Don’t let your heart grow cold
I will call you by name
I will share your road

But hold me fast, Hold me fast
‘Cause I’m a hopeless wanderer
And hold me fast, Hold me fast
‘Cause I’m a hopeless wanderer

I wrestled long with my youth
We tried so hard to live in the truth
But do not tell me all is fine
When I lose my head, I lose my spine

So leave that click in my head
And I won’t remember the words that you said
You brought me out from the cold
Now, how I long, how I long to grow old

So when your hope’s on fire
But you know your desire
Don’t hold a glass over the flame
Don’t let your heart grow cold
I will call you by name
I will share your road

But hold me fast, Hold me fast
‘Cause I’m a hopeless wanderer
And hold me fast, Hold me fast
‘Cause I’m a hopeless wanderer
I will learn, I will learn to love the skies I’m under
I will learn, I will learn to love the skies I’m under
The skies I’m under


Followed by this.

Broken Crown


Touch my mouth and hold my tongue
I’ll never be your chosen one
I’ll be home safe and tucked away
Well You can’t tempt me if I don’t see the day

The pull on my flesh was just too strong
Stifled the choice and the air in my lungs
Better not to breathe than to breathe a lie
‘Cause when I opened my body I breathe in a lie

I will not speak of your sin
There was a way out for Him
The mirror shows not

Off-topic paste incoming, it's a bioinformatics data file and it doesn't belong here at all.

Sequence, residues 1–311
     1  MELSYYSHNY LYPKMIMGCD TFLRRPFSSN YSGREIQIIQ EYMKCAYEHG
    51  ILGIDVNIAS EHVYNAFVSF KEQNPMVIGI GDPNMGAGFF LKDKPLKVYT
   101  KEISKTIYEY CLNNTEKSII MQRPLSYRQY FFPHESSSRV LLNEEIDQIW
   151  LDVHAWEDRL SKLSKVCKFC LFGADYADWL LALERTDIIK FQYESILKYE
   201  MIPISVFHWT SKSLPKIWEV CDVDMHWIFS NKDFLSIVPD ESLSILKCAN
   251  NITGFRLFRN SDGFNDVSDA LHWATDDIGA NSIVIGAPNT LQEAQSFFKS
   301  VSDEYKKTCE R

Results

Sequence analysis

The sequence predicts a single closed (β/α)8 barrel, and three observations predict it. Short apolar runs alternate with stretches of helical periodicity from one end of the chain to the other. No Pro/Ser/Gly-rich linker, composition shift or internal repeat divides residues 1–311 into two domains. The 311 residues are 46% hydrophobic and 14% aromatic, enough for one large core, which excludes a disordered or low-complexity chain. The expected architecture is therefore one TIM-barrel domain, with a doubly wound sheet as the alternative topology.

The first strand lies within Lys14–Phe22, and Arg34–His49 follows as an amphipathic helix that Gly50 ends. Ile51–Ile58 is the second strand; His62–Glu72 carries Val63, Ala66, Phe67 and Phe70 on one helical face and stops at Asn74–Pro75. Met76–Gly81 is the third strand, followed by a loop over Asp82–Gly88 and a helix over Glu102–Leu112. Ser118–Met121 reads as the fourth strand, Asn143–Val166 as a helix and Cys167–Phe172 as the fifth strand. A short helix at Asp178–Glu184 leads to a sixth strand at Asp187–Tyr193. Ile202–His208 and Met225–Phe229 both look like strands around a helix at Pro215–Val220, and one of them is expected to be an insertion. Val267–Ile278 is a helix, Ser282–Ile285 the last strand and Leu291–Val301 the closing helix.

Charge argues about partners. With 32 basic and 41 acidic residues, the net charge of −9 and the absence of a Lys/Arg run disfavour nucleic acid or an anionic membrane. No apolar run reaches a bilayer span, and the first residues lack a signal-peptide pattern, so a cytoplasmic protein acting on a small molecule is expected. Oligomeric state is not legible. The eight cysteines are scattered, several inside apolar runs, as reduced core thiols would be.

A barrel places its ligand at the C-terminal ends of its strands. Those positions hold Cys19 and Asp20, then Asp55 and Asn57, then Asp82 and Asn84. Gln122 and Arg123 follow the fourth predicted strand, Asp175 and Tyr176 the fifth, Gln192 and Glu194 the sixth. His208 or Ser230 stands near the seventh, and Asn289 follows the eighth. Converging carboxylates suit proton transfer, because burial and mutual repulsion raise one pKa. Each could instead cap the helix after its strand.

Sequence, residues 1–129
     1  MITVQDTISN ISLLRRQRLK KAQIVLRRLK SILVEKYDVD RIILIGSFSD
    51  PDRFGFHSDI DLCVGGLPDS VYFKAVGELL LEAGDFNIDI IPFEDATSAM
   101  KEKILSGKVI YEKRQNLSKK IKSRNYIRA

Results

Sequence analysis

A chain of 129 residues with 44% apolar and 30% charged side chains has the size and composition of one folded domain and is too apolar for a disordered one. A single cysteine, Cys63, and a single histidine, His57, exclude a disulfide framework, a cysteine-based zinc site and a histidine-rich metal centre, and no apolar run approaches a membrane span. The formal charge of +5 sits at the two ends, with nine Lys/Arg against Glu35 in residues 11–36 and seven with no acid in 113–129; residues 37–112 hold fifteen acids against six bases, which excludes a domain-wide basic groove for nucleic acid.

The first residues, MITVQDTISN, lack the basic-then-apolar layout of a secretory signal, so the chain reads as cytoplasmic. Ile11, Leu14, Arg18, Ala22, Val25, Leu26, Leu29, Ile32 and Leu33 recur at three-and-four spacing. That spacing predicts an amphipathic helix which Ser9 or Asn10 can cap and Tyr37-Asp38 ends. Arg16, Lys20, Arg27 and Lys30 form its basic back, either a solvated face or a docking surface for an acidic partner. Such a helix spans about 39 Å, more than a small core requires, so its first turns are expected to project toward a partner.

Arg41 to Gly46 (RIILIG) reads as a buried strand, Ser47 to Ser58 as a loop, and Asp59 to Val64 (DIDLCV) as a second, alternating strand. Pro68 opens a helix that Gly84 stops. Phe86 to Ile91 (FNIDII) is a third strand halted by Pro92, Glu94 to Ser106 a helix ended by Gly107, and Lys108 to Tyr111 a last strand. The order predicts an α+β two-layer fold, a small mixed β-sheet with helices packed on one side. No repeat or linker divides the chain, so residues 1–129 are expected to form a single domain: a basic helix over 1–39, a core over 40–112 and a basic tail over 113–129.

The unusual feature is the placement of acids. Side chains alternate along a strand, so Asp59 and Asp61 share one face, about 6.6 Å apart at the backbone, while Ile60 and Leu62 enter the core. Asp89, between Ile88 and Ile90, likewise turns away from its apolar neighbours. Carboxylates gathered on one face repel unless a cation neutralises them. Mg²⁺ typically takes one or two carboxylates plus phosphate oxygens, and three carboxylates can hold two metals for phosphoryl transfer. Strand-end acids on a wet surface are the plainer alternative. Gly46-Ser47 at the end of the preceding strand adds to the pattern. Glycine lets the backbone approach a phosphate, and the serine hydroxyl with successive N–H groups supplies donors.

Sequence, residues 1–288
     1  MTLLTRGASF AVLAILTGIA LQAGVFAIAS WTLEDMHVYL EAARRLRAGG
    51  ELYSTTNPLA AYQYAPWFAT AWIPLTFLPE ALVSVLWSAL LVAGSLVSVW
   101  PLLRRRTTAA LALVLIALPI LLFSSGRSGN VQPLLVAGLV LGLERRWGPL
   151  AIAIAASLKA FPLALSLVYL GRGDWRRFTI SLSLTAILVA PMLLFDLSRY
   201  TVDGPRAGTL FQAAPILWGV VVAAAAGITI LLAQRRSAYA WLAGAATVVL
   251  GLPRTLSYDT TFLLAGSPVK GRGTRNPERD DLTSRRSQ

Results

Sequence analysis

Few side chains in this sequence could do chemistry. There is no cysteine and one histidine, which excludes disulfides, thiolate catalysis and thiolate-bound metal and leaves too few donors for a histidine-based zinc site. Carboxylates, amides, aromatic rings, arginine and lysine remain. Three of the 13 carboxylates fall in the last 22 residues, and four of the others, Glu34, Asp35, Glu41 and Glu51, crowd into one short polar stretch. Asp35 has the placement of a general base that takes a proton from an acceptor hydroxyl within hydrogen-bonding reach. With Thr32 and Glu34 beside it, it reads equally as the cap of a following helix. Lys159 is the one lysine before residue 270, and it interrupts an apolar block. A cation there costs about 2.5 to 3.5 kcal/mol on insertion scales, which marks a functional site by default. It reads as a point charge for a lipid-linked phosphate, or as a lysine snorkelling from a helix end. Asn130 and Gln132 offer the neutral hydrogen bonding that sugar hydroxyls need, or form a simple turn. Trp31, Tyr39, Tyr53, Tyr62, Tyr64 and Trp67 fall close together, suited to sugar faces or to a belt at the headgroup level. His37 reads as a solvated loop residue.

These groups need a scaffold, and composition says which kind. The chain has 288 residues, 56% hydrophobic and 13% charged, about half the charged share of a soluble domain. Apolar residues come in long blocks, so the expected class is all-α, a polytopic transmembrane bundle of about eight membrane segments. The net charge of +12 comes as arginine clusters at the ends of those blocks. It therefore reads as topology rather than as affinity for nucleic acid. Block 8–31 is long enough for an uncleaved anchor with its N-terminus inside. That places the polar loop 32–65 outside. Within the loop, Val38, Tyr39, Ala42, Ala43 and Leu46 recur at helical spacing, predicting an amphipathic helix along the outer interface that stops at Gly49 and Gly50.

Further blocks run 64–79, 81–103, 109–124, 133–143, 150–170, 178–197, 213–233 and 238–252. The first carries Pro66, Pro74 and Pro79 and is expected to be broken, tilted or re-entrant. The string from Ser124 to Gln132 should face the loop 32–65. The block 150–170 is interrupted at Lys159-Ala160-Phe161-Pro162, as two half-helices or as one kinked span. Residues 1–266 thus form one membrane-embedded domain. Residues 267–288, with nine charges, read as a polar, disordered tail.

Your values are all shot

But oh my heart, was flawed I knew my weakness
So hold my hand consign me not to darkness

So crawl on my belly ’til the sun goes down
I’ll never wear your broken crown
I took the road and I fucked it all away
Now in this twilight, how dare you speak of grace

So crawl on my belly ’til the sun goes down
I’ll never wear your broken crown
I took the road and I fucked it all away
Now in this twilight, how dare you speak of grace

So crawl on my belly ’til the sun goes down
I’ll never wear your broken crown
I can take the road and I can fuck it all away
But in this twilight, our choices seal our fate


And these two songs just sealed my fate and I fell in love with this album. A beautiful combination of lyrics, unique instrumentation, and a variety of melody throughout pretty much all their songs (instrumental and vocal) keep me interested for the duration of the album, and keep me coming back again.

5/5 stars, highly recommended. Will headbang to banjo.

Apologies, Giving and Accepting

I had two people apologize to me this week. A coworker and my husband. (No, not at all related.) And they both got me thinking about a few things. I’ll only going into the one from my coworker here, as this is lengthier than I thought it would be.

A bit of background. On Wednesday, I was doing one of my daily tasks which was recording the cash receipts from the prior day. One of these items was an internal check, which has to flow through specific accounts for legal reasons. There is one step that is a bit different than all the rest, and that is setting up the receivable for this check, because it has to be set up in a different module in our accounting software. (I know this is technical, but bear with me.)